Nanna and Peterson wrote that the study should be viewed “as part of a broader and consistent message of widespread racial disparities in America.”

“The most recent example can be found in the current news headlines, where Black patients have dramatically higher risk for Covid-19 infection and death relative to whites,” they wrote. “Although less well studied to date, the underlying causes for these differences in the Covid-19 pandemic are likely to mirror those in the CVD disparities published reports.”

They concluded that the study by Golomb and colleagues “remind us just how large the racial gaps in CVD care and outcomes continue to be.”

“Yet, rather than merely observe these differences over and over again for the next 30 years, there is an urgent need for action to address these, both locally and nationally. The recent unfortunate death of George Floyd has helped awaken the nation’s consciousness to urgently address longstanding racial injustice.

“The medical profession too should seize this moment and find ways of reversing racial disparities in health and healthcare. Talking is no longer enough; it is our responsibility to finally deliver effective solutions.”

  1. After adjusting for multiple clinical risk factors, Black patients had roughly a 30% higher risk for major adverse cardiovascular events, including cardiac death, myocardial infarction (MI) and ischemia-driven lesion revascularization, at all time points examined.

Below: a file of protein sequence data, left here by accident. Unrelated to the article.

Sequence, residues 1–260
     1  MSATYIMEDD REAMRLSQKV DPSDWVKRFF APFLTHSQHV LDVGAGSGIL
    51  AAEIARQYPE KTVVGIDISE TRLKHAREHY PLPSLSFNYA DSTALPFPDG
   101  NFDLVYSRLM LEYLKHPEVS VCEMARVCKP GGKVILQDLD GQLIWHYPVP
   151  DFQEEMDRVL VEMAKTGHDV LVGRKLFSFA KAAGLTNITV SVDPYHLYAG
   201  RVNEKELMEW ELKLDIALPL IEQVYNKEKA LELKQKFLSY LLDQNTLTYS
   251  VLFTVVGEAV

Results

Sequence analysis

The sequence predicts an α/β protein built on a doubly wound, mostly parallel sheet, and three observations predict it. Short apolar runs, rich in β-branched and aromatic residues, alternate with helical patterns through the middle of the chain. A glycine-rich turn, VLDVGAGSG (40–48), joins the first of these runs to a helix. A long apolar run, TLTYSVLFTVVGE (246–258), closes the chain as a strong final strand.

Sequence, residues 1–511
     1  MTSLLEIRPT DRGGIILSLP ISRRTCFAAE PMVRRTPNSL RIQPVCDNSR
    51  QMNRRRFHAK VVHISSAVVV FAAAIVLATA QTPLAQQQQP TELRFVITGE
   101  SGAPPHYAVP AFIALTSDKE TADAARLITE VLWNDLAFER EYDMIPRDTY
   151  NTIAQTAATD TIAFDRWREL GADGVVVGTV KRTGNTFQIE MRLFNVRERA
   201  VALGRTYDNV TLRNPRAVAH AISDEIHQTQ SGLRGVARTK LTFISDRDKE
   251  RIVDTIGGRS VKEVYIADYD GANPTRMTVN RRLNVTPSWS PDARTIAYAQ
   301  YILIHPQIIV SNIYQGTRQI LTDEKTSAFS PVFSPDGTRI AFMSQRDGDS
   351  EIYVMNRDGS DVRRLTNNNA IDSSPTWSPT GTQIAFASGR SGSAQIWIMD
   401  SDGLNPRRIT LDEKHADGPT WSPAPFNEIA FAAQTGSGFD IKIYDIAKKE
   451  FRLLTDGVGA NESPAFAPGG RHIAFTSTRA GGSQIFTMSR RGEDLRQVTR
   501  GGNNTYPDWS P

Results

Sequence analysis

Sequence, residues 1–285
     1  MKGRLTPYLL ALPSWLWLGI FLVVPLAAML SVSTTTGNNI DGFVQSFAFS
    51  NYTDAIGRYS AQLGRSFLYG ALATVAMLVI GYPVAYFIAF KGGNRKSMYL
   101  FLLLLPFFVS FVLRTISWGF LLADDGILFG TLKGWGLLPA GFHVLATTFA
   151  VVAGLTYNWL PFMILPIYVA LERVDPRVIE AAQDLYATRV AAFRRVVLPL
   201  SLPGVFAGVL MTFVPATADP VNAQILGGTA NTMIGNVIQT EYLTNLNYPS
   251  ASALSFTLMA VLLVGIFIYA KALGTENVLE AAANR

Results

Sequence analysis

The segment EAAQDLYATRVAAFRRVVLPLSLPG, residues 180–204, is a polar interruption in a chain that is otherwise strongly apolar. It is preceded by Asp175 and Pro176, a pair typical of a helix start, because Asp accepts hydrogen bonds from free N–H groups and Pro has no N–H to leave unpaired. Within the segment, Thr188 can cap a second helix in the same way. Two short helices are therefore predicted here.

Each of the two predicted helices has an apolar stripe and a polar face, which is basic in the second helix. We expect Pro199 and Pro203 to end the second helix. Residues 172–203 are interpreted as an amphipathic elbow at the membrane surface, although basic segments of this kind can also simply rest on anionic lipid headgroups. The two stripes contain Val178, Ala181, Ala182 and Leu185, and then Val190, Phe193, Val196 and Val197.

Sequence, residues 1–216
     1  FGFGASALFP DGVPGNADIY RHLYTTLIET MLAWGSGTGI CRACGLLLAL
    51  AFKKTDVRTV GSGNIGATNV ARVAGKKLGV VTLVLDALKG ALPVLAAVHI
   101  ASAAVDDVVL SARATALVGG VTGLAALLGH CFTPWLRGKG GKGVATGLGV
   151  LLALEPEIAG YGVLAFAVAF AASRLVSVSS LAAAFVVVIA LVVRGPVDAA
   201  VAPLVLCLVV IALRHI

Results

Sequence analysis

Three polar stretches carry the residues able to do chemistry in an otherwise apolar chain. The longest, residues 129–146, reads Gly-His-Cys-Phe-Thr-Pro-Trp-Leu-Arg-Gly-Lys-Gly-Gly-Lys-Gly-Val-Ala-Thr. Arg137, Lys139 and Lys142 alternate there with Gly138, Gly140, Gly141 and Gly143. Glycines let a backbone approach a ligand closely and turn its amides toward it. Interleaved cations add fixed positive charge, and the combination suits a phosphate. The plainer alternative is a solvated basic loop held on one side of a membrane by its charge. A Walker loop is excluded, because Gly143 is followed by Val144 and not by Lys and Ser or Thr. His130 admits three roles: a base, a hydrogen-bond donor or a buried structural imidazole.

2. By multivariate analysis, Black race was associated with increased adjusted risks for death at 1-year post PCI.

Salynn Boyles, Contributing Writer, BreakingMED™

Funding for this study was provided by Abbott Laboratories.

Principle researcher Gregg Stone reported holding equity options in Ancora, Qool Therapeutics, Cagent, Applied Therapeutics, the Biostar family of funds, SpectraWave, Orchestro Biomed, Aria, Cardiac Success, the MedFocus family of funds, Valfix and receiving consulting fees from Valfix, TherOx, Vascular Dynamics, Robocath, HeartFlow, Gore Ablative Solutions, Miracor, Neovasc, W-Wave, Abiomed, and others.

Researcher Pieter Smits reported receiving institutional research grants from Abbott Vascular, Terumo, and St. Jude Medical and speaker fees from Abbott Vascular, St. Jude Medical and Terumo. Researcher Patrick Serruys reported receiving consulting fees from Biosensors, SINOMED, Balton sp, Philips/Volcano, Xeltis, and HeartFlow.

Editorial writers Eric Peterson reported being a consultant and/or serving on advisory boards for Amgen, AstraZeneca, Merck, Novartis, Pfizer, Janssen and Sanofi.

Cat ID: 306

Topic ID: 74,306,585,730,306,308,914,192,925